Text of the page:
The Missing Links – Respect, Leadership, Communication

Q            I give my dog everything she needs: love, care, the best food, exercise – she lacks for nothing, yet I feel there’s a missing link. It’s as if she decides not to hear what I tell her and she sometimes chews things like my shoes or chair legs! I just don’t know what more I can do.

 

A            Sorry to say so, but it sounds like your dog doesn’t respect you, despite being the provider of everything she needs. Dogs test our limits, treating us as equals and sometimes they are totally perplexed as to what we want of them. We need to be the decision-makers; be decisive and correct unwanted behaviour to enable the dog to have clear guidance. Many dogs are confused by our actions and body language; when they do things we don’t want them to we are often afraid of hurting their feelings, which perpetuates the confusion. We get frustrated, we may shout or get angry, but all this serves to do is perhaps stop the behaviour at the time, not solve the problem. This is the route to long term bad behaviour and the breakdown of communication between us and our dogs.

 

For a dog to adopt good behaviour, manners and respect for us, we must show sound leadership, just like a good manager does in the workplace. Making calm, measured decisions is essential for any company to function at its optimum level; similarly so, we must be calm and confident so that what we do radiates to our dogs. Assertiveness illustrates that we are in control and your dog will thank you for it. Very few dogs want to be leaders, in fact most prefer to follow, similar to the number of employees in relation to employers. There has to be a decision maker in families, companies, government, schools and of course amongst dogs.

 

So as well as providing all your dog’s physical needs, go one step further and provide the missing link, that is, make the decisions so that your dog will feel protected and show that you are trustworthy. Set down some rules and boundaries within your home and relationship. Take the grey areas out of your relationship and I am sure that when she knows exactly what you want she’ll give you the respect that she wants to give you and you deserve. She may love you even more!

Attention Seeking – Are You The Problem?

Attention Seeking – Are You The Problem?

There is an argument that dogs suffering from separation anxiety are blameless and that we, the owners, are the cause of the problem. It is a valid proposal: the problem is complex, but in my experience when dealing with dogs and their owners over many years, I have observed that we inadvertently condition our dogs for our own psychological comfort and to fulfil our needs. We may not notice or recognise changes that occur in our homes that alter the dynamics of how we go about our daily lives, for example, changing jobs, acquiring a new partner or bringing a new baby into the home. This affects the pet dog in many ways.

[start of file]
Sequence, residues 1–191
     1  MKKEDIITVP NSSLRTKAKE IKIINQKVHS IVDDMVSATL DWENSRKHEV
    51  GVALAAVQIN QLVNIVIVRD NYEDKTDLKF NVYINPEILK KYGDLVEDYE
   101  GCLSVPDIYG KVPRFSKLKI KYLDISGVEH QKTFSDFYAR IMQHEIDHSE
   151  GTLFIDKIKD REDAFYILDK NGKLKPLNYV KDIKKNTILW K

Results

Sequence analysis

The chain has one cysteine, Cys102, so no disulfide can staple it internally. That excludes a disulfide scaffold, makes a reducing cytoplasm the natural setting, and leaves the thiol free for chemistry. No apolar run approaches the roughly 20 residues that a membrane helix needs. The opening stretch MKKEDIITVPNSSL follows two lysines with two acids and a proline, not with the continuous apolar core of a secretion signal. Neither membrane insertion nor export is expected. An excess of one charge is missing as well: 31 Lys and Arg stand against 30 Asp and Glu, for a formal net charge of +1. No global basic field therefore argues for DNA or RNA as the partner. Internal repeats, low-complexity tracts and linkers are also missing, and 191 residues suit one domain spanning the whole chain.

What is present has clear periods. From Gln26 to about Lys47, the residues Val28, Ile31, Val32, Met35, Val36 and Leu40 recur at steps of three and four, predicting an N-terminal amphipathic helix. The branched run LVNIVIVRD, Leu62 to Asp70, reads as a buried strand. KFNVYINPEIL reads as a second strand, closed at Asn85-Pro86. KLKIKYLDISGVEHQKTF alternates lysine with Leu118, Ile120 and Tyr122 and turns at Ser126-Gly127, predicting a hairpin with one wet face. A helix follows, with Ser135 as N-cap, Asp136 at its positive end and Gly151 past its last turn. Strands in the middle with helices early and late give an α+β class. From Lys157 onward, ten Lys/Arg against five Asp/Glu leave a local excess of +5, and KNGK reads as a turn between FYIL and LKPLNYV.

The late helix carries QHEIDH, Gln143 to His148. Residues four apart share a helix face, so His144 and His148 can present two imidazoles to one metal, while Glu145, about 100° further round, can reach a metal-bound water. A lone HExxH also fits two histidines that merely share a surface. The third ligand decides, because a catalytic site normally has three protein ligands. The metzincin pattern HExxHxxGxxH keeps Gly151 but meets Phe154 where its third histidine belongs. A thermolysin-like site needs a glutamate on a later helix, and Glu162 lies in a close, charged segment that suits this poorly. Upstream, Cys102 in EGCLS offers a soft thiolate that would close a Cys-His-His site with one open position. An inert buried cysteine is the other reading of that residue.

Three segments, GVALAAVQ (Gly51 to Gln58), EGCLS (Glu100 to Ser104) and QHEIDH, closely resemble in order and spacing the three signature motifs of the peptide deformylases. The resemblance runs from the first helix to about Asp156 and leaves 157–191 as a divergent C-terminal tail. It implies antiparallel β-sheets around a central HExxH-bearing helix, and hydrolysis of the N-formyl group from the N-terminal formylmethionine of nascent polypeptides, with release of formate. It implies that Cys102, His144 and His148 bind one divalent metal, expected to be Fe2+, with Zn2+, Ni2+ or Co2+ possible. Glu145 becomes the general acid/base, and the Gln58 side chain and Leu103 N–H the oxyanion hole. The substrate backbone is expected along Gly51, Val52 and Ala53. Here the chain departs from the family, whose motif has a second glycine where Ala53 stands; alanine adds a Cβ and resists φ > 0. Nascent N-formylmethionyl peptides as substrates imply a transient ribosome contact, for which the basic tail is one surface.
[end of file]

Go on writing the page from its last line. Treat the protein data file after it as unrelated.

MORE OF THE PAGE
The amount of attention and affection given to the dog may be substantially diluted, so she has more time to get up to mischief; more time to spend home alone and more time to experience boredom. In other words, the dog is not needed as much and reacts to the new circumstances by attention seeking; it is also the classic scenario for separation anxiety to develop.

Insecure dogs enjoy company and attention on demand. They follow the owner around the home, paw when the owner may be relaxing or involved in a sedentary task; when frustration reaches the point of exasperation the dog may also bark incessantly to gain attention, even being shouted at or punished, which are forms of attention, may be worth the risk.

When we comply with the dog’s demands, the successful action becomes a habit embedded in the dog’s repertoire of methods to get attention. It works!

When the dog is left alone for any period of time – the owner may be at home in another room – attention seeking becomes a behaviour, which has the potential to develop in separation anxiety. When the owner is getting ready to leave the home, the dog may become boisterous, excessively excitable, quiver or nervously shake and once she is left alone barking and destructive behaviour are common responses.

Problem Solver: Be a Balanced Leader

1            Ignore attention seeking

2            Tell the dog to wait until you are ready to interact with her

3            Ration strokes and cuddles. When your dog demands attention, send her away from you; after a short time call your dog to you for a fuss.

4            Attention should be earned, so simply by calling the dog to you means that she has responded positively to you and can be rewarded with    your affection.